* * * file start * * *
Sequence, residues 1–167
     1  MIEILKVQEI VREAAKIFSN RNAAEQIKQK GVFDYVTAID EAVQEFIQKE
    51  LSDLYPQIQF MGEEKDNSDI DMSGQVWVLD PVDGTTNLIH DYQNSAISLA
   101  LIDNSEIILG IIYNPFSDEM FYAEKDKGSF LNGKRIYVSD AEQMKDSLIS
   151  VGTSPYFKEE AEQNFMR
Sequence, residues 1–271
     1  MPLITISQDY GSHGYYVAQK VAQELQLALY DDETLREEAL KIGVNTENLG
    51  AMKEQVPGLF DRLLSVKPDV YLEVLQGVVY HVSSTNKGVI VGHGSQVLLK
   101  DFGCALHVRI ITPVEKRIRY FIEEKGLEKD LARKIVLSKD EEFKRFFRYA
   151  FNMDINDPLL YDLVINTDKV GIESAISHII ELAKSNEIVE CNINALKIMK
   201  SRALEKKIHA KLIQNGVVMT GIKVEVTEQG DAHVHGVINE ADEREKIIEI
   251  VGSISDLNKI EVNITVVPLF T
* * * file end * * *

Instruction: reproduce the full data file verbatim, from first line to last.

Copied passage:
Sequence, residues 1–167
     1  MIEILKVQEI VREAAKIFSN RNAAEQIKQK GVFDYVTAID EAVQEFIQKE
    51  LSDLYPQIQF MGEEKDNSDI DMSGQVWVLD PVDGTTNLIH DYQNSAISLA
   101  LIDNSEIILG IIYNPFSDEM FYAEKDKGSF LNGKRIYVSD AEQMKDSLIS
   151  VGTSPYFKEE AEQNFMR
Sequence, residues 1–271
     1  MPLITISQDY GSHGYYVAQK VAQELQLALY DDETLREEAL KIGVNTENLG
    51  AMKEQVPGLF DRLLSVKPDV YLEVLQGVVY HVSSTNKGVI VGHGSQVLLK
   101  DFGCALHVRI ITPVEKRIRY FIEEKGLEKD LARKIVLSKD EEFKRFFRYA
   151  FNMDINDPLL YDLVINTDKV GIESAISHII ELAKSNEIVE CNINALKIMK
   201  SRALEKKIHA KLIQNGVVMT GIKVEVTEQG DAHVHGVINE ADEREKIIEI
   251  VGSISDLNKI EVNITVVPLF T